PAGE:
It’s the end of November, meaning that the Christmas bigots are upon us. They’re force-feeding deformed, snowman-shaped cookies down our throats and decorating their houses with subpar dollar store decorations with the same nauseating, overzealous demeanour as Buddy the Elf. Oh, and the absolute worst part of it all — they think everyone is as excited to hear the same 20 Christmas songs as they are.
Once February hits, you’ll have heard “All I Want for Christmas is You” in just about every Wal-Mart and Starbucks you’ve visited, and it will be just as unavoidable as conversing with your racist uncle during Christmas dinner. But until then, your eggnog isn’t expired and you can squeeze through a couple weeks of these holiday ballads.
If you’re throwing a party this holiday season, there’s a good chance you’ll get a mixed bag of Crimbo-propagandists and holiday haters. Appease both parties by making the music festive, but not rip-your-hair-out festive.
Some holiday, but not all holiday
You may have been blasting Tony Bennet’s “Winter Wonderland” in your headphones since Remembrance Day, but don’t assume your friends have the same enthusiasm for songs that allude to cold weather and spending money on your unappreciative friends and family.
Instead, keep your party music eclectic by sprinkling in holiday music to your year-round party playlists. Mix in “Little Drummer Boy” after “SICKO MODE,” or follow “Rockin' Around the Christmas Tree” with some “Smells Like Teen Spirit.” This will keep the ravenous, Christmas-loving clans satisfied while making sure everyone else does not feel like they are being suffocated by Santa Claus in the flesh. You can still play “It’s the Most Wonderful Time of the Year,” but just wait until everyone is drunk enough to chant out the lyrics with glee.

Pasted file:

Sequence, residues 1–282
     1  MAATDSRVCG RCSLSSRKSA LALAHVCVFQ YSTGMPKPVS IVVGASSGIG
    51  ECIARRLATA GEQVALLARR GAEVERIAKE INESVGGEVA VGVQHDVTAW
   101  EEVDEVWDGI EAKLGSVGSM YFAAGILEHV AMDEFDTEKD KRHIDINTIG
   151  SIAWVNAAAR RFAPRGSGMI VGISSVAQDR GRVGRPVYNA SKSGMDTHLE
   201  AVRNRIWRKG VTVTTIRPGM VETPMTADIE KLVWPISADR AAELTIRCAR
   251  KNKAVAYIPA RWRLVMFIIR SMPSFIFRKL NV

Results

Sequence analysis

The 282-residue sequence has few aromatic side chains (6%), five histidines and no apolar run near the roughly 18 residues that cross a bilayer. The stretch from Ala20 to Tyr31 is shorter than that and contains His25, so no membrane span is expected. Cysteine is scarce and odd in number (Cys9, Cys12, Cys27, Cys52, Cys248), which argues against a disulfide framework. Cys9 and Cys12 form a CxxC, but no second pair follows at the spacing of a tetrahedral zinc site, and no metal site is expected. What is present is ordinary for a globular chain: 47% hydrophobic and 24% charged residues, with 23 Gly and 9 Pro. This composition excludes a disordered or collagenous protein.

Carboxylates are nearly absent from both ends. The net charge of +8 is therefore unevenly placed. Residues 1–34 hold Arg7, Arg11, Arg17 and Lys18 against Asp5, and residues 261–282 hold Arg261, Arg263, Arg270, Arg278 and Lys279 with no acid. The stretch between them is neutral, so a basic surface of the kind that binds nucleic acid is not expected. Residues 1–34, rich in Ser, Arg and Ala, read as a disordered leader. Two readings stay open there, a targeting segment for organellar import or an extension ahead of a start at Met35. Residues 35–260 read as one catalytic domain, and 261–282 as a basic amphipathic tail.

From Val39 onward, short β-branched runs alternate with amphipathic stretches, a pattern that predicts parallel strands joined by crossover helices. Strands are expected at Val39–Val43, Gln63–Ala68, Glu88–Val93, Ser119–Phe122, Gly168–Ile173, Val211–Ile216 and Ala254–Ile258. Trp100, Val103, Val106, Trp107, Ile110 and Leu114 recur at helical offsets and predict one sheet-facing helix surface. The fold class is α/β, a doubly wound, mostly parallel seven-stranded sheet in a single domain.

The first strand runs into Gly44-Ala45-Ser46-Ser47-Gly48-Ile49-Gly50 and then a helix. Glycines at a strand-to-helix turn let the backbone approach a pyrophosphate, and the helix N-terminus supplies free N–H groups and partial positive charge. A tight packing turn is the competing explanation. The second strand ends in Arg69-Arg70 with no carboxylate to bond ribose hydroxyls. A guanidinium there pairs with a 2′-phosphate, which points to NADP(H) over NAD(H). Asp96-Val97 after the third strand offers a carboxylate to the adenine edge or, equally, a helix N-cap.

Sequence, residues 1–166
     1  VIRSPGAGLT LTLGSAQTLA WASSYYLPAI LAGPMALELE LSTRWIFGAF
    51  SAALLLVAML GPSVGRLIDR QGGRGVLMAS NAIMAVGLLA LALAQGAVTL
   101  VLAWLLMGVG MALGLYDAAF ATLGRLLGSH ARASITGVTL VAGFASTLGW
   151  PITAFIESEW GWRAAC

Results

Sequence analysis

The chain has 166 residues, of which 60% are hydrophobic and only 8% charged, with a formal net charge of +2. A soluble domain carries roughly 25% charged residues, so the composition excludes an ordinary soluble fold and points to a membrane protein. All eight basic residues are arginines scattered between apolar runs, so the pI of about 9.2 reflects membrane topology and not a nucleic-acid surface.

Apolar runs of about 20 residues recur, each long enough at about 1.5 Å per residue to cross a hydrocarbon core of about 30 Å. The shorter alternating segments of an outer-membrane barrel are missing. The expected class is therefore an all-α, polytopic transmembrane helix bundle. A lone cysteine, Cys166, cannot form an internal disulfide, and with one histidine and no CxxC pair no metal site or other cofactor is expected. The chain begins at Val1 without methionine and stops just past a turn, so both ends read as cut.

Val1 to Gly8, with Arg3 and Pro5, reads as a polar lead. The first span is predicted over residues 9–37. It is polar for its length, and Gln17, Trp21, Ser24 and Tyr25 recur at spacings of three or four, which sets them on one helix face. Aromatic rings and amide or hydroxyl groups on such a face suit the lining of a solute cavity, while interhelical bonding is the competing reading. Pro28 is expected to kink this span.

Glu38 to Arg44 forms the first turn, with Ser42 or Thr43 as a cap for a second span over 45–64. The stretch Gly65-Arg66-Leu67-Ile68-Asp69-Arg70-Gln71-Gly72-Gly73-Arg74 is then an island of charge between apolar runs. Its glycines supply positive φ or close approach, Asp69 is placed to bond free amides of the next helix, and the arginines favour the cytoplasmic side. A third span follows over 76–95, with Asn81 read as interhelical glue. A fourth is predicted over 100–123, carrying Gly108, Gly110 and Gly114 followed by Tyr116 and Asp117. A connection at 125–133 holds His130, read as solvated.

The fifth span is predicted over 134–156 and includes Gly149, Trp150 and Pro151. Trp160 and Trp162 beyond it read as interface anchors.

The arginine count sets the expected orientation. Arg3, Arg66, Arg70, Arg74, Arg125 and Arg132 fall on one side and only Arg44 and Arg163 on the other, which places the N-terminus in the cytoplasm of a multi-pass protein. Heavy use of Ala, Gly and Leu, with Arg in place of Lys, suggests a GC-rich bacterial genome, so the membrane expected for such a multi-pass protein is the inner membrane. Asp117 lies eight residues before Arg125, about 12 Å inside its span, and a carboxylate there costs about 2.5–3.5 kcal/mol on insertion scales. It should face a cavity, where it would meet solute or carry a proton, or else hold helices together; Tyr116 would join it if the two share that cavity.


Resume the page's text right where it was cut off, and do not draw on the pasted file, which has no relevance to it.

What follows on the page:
Gauge your crowd
Maybe you were planning on hosting a quiet post-exam dinner with some of your closest friends, but it turns into a banger. Maybe you’re not as cool as you thought, and only nine people turn up to what was supposed to be a “lit” soiree. Either way, make sure to over-prepare with a number of different playlists so that you’re well equipped when your friends just aren’t feeling it. Maybe they want to throwback some whiskey to the classics, maybe they just want to chill out to some Micheal Bublé and sip some rosé over the warm and inviting fireplace livestream.
Throw in a curve ball
Every well-known artist has been forced by their management to scrounge up at least one Christmas song. Throw a curve ball at your guests with some trap holiday tracks or some Christmas-based heavy metal songs. Light up a blunt and throw on Eazy-E's "Merry Muthafuckin' Xmas," mosh out to Korn’s “Jingle Balls” or spark a sense of nostalgia with Blink-182’s “Happy Holidays, You Bastard.”
Oh, and Gucci Mane has dedicated an entire album to Christmas hits, painting himself as the trap Kris Kringle on The Return of East Atlanta Santa.
Don’t forget that the holiday’s aren’t exclusively for those celebrating Christmas. There are multiple occasions that people are celebrating this time of year, and some people aren’t celebrating anything. Keep this in mind when choosing your playlist so that it’s not exclusive.
Shy away from songs that explicitly mention the birth of Jesus or the profound influence of God. You don’t have to completely remove any Christmas songs, but try to steer away from “Hark! The Herald Angels Sing” or “Joy to the World,” and instead throw on some “Let it Snow” or “Frosty the Snowman."